“Often in the midst of the scandalous inebriation in which he seemed to be plunged by vanity and the desire of influencing the age in which he lived, he had returus of reason : he wished to resist in some things the impulse in which he had shared, and to which lie had given increased activity. In his latter works, in the midst of that perpetual variation of opinions and systems, of those assertions always positive and incessantly contradicting each other, one finds at times reflections full of profound sense—a just appreciation of the miserable spirit which reigned around him. It is then that one regrets to find in him that perpetual mobility, that absence of reflection, and, above all, that immense passion for success and the mode of liis day. He alone, armed with all the powers of bis nind, might have retarded a little the course of those menacing opinions which were accumulating on every side, and which, opposed with feebleness or insincerity, acquired fresh strength from that powerless resistance.” P. 42, 43.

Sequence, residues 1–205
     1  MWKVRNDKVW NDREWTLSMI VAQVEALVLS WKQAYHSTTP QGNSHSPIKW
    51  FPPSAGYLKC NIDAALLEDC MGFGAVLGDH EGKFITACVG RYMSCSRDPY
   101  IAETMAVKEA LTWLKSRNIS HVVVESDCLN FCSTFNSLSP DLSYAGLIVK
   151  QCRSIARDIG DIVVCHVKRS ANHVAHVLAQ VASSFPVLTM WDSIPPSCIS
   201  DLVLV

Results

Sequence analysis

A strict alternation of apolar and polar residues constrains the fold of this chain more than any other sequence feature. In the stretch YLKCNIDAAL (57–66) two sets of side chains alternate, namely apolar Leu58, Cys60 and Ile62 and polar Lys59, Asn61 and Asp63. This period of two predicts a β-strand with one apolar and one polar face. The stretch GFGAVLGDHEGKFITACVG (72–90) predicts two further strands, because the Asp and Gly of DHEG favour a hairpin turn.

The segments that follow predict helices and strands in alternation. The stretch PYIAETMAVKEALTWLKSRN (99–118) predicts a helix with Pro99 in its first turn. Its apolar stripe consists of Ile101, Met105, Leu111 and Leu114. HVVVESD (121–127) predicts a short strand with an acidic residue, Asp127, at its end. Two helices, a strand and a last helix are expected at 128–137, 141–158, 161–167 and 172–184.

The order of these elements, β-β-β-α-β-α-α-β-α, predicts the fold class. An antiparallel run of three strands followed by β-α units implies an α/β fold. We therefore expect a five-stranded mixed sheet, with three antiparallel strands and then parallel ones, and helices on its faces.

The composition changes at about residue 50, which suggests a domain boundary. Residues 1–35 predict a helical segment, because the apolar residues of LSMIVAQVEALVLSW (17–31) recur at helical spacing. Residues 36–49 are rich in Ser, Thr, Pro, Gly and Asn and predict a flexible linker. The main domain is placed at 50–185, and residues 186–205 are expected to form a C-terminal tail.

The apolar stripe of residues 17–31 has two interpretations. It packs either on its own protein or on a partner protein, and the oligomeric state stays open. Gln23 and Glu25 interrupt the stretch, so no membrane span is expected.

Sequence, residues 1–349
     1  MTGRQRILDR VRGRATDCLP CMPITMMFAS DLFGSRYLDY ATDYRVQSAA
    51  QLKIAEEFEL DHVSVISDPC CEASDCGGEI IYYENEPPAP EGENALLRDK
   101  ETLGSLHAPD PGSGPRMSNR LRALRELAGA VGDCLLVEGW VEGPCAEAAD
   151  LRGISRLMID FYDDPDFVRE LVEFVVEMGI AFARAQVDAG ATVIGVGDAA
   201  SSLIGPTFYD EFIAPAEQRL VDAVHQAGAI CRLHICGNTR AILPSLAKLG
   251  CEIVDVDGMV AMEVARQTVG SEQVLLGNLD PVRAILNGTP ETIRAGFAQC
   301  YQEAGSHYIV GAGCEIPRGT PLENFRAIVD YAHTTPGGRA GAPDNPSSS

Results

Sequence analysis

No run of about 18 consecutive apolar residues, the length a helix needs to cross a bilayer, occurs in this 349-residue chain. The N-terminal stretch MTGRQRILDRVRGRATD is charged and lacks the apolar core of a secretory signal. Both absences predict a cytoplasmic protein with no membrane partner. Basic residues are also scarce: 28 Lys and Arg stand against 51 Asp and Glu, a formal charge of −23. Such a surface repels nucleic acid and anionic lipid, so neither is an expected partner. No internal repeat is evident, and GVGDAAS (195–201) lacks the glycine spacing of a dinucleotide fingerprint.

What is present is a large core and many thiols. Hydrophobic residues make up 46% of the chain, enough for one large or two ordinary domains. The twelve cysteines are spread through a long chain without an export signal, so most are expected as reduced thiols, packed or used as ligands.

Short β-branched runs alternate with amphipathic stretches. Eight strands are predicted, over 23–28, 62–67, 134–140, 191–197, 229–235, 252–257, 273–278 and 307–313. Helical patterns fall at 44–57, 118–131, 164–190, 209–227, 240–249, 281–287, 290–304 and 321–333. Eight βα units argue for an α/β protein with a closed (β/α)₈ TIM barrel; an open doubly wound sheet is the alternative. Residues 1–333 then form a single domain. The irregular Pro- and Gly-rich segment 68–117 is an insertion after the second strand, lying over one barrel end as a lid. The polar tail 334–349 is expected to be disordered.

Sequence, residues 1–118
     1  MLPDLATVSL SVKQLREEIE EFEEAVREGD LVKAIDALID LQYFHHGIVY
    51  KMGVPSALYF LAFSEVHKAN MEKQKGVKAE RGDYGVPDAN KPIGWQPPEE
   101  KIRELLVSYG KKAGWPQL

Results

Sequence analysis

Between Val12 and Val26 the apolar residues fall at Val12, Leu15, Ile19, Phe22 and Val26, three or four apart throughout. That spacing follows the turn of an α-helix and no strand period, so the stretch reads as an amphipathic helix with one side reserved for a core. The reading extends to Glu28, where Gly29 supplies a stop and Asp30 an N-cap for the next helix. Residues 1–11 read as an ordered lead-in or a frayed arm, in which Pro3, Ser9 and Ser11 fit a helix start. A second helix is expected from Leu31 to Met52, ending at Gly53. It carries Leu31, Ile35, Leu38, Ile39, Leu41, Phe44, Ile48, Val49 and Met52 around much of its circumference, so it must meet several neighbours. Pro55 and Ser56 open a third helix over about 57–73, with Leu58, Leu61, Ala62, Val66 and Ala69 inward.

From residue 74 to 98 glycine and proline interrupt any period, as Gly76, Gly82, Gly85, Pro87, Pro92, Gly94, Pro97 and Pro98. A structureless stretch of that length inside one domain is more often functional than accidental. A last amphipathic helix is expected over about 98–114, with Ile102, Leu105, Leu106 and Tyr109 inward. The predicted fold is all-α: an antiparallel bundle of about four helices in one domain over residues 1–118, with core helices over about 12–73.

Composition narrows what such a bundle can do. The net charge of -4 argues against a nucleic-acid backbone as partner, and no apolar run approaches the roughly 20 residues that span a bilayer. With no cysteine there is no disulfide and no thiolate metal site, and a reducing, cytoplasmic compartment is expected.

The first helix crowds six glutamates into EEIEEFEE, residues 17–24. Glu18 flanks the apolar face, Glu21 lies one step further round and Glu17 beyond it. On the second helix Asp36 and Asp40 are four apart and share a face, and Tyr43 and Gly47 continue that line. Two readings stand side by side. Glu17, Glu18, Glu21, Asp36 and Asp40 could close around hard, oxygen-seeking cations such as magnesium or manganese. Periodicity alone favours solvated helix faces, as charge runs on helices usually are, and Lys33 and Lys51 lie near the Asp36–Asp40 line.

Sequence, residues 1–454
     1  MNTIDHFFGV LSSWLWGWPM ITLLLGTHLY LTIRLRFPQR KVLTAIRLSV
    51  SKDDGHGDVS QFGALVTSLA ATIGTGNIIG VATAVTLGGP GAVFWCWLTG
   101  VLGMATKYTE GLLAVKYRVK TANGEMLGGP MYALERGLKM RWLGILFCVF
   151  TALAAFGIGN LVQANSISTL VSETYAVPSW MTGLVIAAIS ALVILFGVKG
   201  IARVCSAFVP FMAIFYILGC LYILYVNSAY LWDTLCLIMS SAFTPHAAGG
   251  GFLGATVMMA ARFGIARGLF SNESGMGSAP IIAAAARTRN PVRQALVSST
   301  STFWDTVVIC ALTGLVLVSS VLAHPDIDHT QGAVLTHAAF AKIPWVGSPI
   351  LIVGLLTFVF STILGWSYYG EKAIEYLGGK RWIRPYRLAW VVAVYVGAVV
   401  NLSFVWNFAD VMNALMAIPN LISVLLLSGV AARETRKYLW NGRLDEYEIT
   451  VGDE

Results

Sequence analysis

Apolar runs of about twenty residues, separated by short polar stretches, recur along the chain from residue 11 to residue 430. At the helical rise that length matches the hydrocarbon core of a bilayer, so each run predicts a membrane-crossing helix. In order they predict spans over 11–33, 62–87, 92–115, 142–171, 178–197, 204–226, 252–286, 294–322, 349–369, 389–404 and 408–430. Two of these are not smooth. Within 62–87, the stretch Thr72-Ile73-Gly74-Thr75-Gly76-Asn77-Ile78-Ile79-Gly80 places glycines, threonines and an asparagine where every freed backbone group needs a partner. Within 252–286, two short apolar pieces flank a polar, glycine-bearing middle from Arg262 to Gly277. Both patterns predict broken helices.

It is impossible not to pause for a moment on a character such as that which has been delineated; equally singular and instructive. We all recollect the old and eloquent description of man, "a being of large discourse, looking before and after." Voltaire answered sufficiently well to the first half of the portrait, but he had no sort of resemblance to the other. He was semivir. His avidity for enjoyment, and his habitual disregard of the future, made him in truth a child through life. Such he is described by cotemporary writers, and such he proved himself to be in every feature of his character; by his inextinguishable gayety, and his ridiculous irritability; by the exquisite playfulness which gave life to bis productions on the verge of fourscore, and by that last sally of literary vanity wbich snapped the feeble thread that sustained his eartbly existence. Voltaire seems to have been entirely the slave of present feelings; the consequences of his conduct to bimself or others never disturbed him: and this is the moral definition of childishness. But, unhappily, that entire thoughtlessness which, allied to the weakness and ignorance of youth, is pardoned and even loved; when combined with mature knowledge, and with faculties and passions fully developed, assumes a very different character. The gambols of the kitten are amusing, but not so the bounds of the tiger. The childish vanity, the childish irritability, the childish love of pleasure, which were characteristic of Voltaire from his earliest years to bis late decline, were all thought to be very entertaining by his friends, who, with less excuse perhaps from natural temper, were for the most part just as careless of consequences as himself